As always I can study the swooping front, the on-off-on blistered swathe running the length of the car, the perfectly proportioned rear and the gorgeous detailing: single aluminium door handles, telephone dial alloys, teardrop mirrors et al.
It may seem a little odd to describe a highlight of ownership that doesn’t involve being within touching distance of the car in question, but this should be taken as no reflection on the car’s dynamic qualities. It is simply that for me, this car is a work of art, a Da Vinci for the road, a Michelangelo in my garage.
From the moment it was launched in 1997, I knew I wanted one, but other priorities (and other cars) delayed the inevitable until 2004, when I could put it off no longer.
With many to choose from, it wasn’t long before I found an Alfa in the colour, specification and condition I was looking for. My new car was a 2001 1.8 twin spark Veloce, three and a half years old, 41,000 miles, 1 private owner. We settled at a more than reasonable £5700 when most similar vintage BMW’s were fetching nearly twice as much.
The Veloce spec was particularly important to me, most pertinently for bringing with it the lower ride height, 16″ teledial alloys and sill extensions, all helping to give a greater sense of purpose to the car’s already sporting looks. Inside I had that charming dashboard with its cowls and auxiliary gauges and grey Momo leather covering the seats. It’s all so effortlessly stylish and feels like a special place to be. Then, as now, when I am in the car I can’t help but look at drivers of similar vintage saloons and wonder what on earth they were thinking. They could have saved themselves some money and had something so much more interesting.
They’d certainly be having more fun. The twin spark engine is smooth and powerful for its size, although that typical Italian rasp is conspicuous by its absence on this model. A case of too much refinement I suspect, although much appreciated on the motorway where the Alfa is very quiet. I know the rasp to be in fuller health on the V6 models.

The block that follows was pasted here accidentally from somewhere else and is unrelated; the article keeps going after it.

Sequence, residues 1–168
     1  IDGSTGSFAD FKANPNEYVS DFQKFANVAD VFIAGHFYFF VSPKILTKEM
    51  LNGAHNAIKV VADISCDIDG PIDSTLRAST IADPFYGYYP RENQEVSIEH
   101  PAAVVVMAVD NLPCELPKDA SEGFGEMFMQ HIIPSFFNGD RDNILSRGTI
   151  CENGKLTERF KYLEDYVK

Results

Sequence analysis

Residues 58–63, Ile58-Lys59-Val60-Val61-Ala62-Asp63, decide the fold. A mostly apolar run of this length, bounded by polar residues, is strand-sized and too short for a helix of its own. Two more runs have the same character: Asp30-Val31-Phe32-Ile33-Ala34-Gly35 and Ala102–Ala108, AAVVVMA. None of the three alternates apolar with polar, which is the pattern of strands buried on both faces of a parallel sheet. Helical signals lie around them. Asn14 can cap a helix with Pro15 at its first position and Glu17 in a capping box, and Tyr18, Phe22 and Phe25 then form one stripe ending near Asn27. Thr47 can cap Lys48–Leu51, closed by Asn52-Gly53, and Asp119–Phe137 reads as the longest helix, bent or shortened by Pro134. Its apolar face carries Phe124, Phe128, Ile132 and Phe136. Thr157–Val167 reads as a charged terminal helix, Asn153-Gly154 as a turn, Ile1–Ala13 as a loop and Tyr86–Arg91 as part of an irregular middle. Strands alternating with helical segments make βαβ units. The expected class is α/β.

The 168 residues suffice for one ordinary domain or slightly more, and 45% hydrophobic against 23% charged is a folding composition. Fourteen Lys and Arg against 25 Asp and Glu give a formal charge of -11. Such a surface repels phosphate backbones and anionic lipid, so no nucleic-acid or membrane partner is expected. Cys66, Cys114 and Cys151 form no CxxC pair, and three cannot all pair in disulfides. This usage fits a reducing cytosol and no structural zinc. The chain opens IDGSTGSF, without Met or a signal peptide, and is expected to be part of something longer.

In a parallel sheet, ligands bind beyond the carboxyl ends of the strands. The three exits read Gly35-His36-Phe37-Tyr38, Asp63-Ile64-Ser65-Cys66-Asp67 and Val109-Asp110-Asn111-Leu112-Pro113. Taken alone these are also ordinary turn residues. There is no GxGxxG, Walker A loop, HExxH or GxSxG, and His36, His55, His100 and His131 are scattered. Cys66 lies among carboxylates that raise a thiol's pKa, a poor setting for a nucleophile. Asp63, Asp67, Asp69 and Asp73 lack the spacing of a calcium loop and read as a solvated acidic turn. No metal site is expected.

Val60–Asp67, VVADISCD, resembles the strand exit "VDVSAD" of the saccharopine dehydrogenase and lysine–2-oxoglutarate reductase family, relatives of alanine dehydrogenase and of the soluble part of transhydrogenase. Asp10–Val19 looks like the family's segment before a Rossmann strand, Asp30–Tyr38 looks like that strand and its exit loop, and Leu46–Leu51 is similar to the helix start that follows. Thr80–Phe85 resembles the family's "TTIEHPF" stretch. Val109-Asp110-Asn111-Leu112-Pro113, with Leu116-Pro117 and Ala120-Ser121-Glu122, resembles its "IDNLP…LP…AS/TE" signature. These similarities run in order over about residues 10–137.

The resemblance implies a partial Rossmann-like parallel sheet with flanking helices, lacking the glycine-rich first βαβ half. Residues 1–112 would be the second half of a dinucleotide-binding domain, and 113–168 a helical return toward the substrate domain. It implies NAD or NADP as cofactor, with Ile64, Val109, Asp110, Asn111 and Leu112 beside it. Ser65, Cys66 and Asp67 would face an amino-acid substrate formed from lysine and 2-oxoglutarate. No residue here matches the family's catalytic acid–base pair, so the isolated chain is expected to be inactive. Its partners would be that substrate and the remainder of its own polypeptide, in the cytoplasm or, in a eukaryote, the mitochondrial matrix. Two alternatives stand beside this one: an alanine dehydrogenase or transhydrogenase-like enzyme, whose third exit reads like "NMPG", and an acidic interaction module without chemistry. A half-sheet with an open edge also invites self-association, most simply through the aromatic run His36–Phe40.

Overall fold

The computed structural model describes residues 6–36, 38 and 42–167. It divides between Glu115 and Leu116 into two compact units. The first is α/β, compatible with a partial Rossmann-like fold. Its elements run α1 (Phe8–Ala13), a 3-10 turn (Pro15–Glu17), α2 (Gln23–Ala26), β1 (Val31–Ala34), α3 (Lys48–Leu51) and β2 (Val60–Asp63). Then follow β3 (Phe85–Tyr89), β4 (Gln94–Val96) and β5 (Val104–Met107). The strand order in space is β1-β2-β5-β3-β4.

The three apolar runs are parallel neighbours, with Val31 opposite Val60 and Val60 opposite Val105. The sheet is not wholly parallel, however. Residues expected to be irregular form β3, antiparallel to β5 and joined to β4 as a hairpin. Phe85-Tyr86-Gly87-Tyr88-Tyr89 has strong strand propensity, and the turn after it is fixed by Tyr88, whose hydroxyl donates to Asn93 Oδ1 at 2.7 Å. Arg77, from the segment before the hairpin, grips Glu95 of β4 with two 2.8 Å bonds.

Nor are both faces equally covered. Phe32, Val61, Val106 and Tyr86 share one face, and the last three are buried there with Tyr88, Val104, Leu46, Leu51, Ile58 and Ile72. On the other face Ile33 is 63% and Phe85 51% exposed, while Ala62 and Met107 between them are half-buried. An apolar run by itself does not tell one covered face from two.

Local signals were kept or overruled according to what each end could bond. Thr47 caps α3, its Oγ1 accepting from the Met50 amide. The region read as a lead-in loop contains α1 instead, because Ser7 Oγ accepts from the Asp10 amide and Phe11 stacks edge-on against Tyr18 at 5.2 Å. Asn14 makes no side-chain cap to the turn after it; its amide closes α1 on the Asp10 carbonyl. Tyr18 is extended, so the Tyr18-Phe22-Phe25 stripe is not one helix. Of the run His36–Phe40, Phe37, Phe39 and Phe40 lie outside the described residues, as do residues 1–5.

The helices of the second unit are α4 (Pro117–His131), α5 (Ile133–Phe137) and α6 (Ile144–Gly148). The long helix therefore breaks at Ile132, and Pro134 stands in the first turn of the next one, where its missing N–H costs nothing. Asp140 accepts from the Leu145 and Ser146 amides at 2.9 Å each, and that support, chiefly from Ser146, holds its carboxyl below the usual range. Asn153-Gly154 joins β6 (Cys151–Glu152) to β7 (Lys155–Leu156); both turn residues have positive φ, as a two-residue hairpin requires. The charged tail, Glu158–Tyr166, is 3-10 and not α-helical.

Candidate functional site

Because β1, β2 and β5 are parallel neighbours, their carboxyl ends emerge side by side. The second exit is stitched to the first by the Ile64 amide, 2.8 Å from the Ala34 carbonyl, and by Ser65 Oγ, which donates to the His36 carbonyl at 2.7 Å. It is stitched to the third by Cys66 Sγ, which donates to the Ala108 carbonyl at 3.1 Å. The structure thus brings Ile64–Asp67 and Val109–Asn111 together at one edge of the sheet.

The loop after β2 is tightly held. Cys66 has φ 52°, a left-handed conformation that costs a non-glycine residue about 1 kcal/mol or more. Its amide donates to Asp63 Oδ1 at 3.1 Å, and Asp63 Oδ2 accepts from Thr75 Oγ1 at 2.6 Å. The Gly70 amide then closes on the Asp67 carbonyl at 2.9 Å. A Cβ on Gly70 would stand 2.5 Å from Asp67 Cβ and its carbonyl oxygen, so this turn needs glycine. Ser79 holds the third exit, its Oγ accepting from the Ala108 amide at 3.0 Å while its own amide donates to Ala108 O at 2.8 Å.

After three years throwing an MX5 around, I shouldn’t expect the same handling abilities from the Alfa. Nonetheless my initial disappointment was tempered by fitting a strut brace at the top of the engine, yielding both an attractive and highly effective improvement. Quick steering noses the car into bends with much enthusiasm and the balance is very neutral. Understeer naturally sets in as the front wheels lose grip but it’s very gentle and allows for fast, safe cornering. So if not a honed driving machine like the MX5, it is very entertaining for a saloon. In comparison to my wife’s similarly sized VW Passat, the 156 is a pure bred racing car!
Performance is perfectly decent, being a little quicker than the old Mazda for instance, and giving little away to the two litre version. I average 34mpg which is apparently above average for the car; this a testament perhaps to my steady commute that involves little stop-start driving.
Running the Alfa has certainly been no hardship. What those unimaginative and foolish drivers of ‘other’ saloon cars don’t seem to realise is that it doesn’t require a huge leap of faith or act of bravery to own a modern Alfa. This is the 21st Century for goodness sake; even the Italians can screw a car together. It seems they are known for electrical faults but not the sort of thing that is going to leave you stranded anywhere. My car has a failed rear window, but this is hardly affecting my sleep.
They are also prone to oil consumption although my car has shown no signs of this yet. But again, any real enthusiast should not be too worried about checking their oil. Service costs are fine, nothing has fallen off and the trim is bearing up well. I am particularly interested to see the leather seats are ageing well, especially compared to those in BMW’s that seem to crack up appallingly. Sure the overall interior build quality is not in the same league as the Passat, but over the years I’ve always felt this soon becomes irrelevant if you enjoy driving the car. The Mazda was the same and it just never mattered.
Perhaps the only costs that are a little above average are the 36,000 mile cam belt change and the annual insurance premium although the latter has just come down to £300 for my wife and I, which seems perfectly reasonable.
Owning the Alfa then is a real pleasure. Part of me hankers after a more focused driver’s car and perhaps I will one day sort another MX5 or Lotus Elise to fulfil this role as a second car. But day to day it is impossible for me to imagine what could take the Alfa’s place. No other marque has such a romantic history or such a palpable link to its country of origin in every satisfying detail. The question is, can I hang on for longer than my usual three years of ownership and wait for a bargain 159 to come calling? Either way, I expect to be an Alfa owner for a very long time indeed.